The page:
Star Trek: 31 Pickup

Post Episode 2: Interlude (part 2)

Fierri and Dejar

After filling up her own fuel tank, Fierri’s first concern is for the Rebel Priscilla. Armed with the phaser that Penelope tossed her, she makes her way through Zenith and out into the rocky terrain where they last left the ship lying. Considering the atmosphere, the journey may be slow-going even if the sun may have passed. For a brief time, she has the communicator to distract her.

Assuming no one gets in her way, she’ll be doing a security check to make sure no one is skulking around or has tried to break in since their departure. After that, she plans on leaving her newly acquired spare part in the ship and fetching a flashlight (or the future version thereof) to check out the damage on her ship once again, this time to try determining how long she’ll be up putting in the repairs. The Major gave them eight hours of ‘free’ time before they were to meet up inside – she’d kind of like to sneak some sleep in there if she can.

The nights on Draylon are as cold as the days are hot. Not really the preferred temperature for Cardassians in general, but at least the bright sunlight has long since passed and that leaves Dejar willing to wander. She is waiting for the crew to return. Not exactly skulking in the shadows, since her height and width are difficult to miss, but lingering more in the shadows than not.

The head of Jilhari’s security grunts a greeting and tosses a heavy bag at the short engineer. It’s full of weapons. Not exactly the phasers that were checked in at the gate earlier, but a comparable replacement, as a gesture.

Hard to sneak around when you’re a big bitch like that. When Fierri first sees her, a hand touches her phaser before first, she realizes what and who it is, and second, she decides Jilhari’s bouncer probably isn’t here to kill her. Not her style, Fierri thinks, not after seeing the space pirate run that Benarbastard through in front of everyone. She clearly doesn’t mind an audience – hell, maybe she enjoys putting on a show. In any case, she had both.

Makes her wonder.

The Trill’s hand snaps up from her phaser to catch the bundle instead. She doesn’t open it, but gets a feel for its contents in the dark. Ranged weapons usually end up having the same shape no matter who makes them. Fierri doesn’t say thanks, she says:

“I’ve never met a Cardassian before. The headgear kind of reminds me of Klingons.” I fucking hate Klingons. A slight tilt of her head. “I’ve heard they’re pretty clever, though. Good conversationalists.”

They must have broke the mold when they made you, big girl. Or did they?

The expression is mirrored at the mention of Klingons, the last war the Cardassian Union fought was against the infamously crainial ridged species. But it’s another long moment before Dejar acknowledges verbally. “You might have heard that we’re civilized too.” One of those rumors was more or less truthful. Most Cardassian’s did have a way with turning a phrase. They considered intelligence a primary priority in raising their young.

“That doesn’t count for much here.”

And Dejar didn’t seem to have a problem with that.

In spite of her generally stoic personality, there is a brief flash of curiosity when she glanced over to the hull of the Rebel Priscilla. Assessing the damage, and more than likely, trying to figure out if it was equipped with offensive measures. (yes, but not obviously so)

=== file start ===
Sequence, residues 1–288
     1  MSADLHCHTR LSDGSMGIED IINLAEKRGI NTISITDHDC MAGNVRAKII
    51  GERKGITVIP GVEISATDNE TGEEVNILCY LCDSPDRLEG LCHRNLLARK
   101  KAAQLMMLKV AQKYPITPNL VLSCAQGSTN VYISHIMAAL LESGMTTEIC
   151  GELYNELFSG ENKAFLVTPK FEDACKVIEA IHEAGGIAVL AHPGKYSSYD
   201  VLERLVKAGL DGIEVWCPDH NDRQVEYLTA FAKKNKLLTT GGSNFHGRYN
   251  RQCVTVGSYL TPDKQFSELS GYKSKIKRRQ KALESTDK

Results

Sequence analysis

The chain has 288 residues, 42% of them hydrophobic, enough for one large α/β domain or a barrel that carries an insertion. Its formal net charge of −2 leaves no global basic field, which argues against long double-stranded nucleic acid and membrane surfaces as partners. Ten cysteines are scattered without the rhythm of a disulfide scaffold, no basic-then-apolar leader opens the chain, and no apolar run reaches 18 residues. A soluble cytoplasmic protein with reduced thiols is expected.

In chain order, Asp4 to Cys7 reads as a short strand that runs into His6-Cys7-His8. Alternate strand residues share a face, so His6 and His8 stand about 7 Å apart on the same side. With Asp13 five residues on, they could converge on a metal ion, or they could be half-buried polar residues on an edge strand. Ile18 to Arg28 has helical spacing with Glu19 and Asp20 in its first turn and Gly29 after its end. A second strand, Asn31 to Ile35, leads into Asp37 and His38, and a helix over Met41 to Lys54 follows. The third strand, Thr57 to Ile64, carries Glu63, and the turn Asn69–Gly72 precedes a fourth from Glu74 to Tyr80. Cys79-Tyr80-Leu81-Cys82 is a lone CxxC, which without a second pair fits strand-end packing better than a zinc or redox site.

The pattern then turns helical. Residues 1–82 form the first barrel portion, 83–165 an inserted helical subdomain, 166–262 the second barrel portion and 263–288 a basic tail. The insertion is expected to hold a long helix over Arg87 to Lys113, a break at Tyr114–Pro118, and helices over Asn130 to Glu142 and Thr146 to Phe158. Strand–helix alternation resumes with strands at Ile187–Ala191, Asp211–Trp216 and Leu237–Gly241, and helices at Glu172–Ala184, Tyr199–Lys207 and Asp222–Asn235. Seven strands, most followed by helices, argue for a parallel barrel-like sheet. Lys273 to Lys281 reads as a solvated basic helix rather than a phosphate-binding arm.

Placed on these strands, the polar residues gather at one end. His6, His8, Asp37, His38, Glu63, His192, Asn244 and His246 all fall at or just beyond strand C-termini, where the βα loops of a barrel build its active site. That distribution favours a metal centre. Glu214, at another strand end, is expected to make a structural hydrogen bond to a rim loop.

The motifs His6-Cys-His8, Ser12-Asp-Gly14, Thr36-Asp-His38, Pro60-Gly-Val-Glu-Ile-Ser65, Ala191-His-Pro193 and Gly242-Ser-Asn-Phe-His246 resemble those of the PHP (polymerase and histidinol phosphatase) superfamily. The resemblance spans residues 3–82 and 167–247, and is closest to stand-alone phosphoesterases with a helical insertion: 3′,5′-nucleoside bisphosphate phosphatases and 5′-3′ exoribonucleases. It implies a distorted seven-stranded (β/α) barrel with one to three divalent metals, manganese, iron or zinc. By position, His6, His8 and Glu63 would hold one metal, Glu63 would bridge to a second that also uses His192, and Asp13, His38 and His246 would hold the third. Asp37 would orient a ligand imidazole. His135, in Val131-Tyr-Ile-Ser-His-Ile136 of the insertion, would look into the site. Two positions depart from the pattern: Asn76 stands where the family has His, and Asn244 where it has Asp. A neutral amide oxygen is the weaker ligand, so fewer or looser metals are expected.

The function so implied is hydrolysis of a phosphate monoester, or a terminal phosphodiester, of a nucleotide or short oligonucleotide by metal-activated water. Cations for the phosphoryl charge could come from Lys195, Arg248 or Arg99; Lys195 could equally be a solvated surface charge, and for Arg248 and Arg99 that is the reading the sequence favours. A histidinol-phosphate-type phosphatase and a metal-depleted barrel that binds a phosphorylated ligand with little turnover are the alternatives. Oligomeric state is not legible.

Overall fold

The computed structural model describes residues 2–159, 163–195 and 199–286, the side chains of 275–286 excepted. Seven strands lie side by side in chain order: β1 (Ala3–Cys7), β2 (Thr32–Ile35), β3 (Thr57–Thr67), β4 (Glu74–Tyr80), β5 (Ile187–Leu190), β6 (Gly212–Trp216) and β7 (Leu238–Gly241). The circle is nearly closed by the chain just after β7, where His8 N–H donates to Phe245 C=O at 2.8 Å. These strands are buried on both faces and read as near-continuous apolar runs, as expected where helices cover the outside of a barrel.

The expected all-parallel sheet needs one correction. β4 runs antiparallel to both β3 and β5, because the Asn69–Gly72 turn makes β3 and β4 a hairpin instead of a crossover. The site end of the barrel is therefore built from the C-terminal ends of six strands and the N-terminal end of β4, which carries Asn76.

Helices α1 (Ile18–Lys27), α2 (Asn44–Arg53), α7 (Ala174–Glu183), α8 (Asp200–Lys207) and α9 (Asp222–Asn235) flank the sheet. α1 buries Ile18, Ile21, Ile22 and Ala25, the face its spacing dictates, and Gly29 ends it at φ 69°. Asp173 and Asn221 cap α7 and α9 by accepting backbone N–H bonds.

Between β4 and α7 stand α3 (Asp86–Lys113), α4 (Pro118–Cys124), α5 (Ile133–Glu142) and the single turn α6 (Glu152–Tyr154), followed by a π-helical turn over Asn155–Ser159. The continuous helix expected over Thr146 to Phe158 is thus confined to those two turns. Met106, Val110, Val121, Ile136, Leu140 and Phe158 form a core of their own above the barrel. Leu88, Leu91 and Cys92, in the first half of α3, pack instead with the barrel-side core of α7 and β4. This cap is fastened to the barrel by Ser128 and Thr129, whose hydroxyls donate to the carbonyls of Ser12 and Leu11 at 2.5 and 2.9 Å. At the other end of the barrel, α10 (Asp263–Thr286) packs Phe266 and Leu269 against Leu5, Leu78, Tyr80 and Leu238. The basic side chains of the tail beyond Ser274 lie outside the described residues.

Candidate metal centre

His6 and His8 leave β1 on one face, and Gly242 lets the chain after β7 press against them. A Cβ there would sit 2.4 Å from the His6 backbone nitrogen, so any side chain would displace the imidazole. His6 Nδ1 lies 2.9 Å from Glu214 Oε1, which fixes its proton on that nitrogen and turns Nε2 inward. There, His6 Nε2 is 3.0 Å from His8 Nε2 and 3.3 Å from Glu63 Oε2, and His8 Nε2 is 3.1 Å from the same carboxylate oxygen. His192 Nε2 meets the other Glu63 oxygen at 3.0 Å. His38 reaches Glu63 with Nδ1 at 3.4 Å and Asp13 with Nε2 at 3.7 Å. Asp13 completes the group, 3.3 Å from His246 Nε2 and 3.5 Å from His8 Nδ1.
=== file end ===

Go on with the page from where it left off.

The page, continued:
You checking out her girl, Cardassian?

“Pretty impressive spread for a bunch of barbarians.” And not a fighting pit in sight, unless you wanted to count some of the more frantic types of dancing. She didn’t. “As feudalism goes, you could probably do worse.”

Dejar doesn’t argue with that assessment of Jilhari at least. The loyalty is a forceful thing, probably the same could been seen between the relationships of the Major and her girls.

“She’s a good boss.” But not a perfect one, the Cardassian hesitates slightly as if thinking, and overthinking what should be said.

“Better than working for Tash.”

“Tash had a job for us to do,” Fierri reveals, honest and unconcerned. She doesn’t shrug, but it’s in her tone. Her crew? They’re mercenaries now, for better or worse. They go where the money lies, where that offer is sweetest. They’re in the market, perhaps, to be convinced.

“Listen, I need to start up some repairs, and I’m gonna crank her on for a bit. You wanna stick around and pick up some heat, you’re welcome to it.”

That said, Fierri heads up into the ship. Assuming she doesn’t have an uninvited follower, she’ll essentially be putting her ship in park, letting it somewhat quietly purr away until she comes out with her equipment. If Dejar’s still around, Fierri will indeed gesture for the Cardassian to join her. The Trill seems much more at ease with her equipment box, even if she’s now got a phaser strapped to her waist.

The idea seems to tempt Dejar inwardly, a silent hulking shadow that fills up quite a bit of the Rebel Priscilla’s limited space. No stranger to tinkering, it seems, Dejar offers an extra pair of hands to pass tools and hold equipment like a lost packmule. The silence seems comfortable for a while. Until the Cardassian once again breaks it.

“Do you know what Vulcans and Orions have in common?” It isn’t the start of a bad joke. Though it could be.

“They don’t run on iron blood.” Unlike the majority of humanoids.

After dropping this bit of general observation, Dejar stands and begins to head out of the ship. Leaving one last parting comment. “We’re going to find him.”

No matter what, was the implication.



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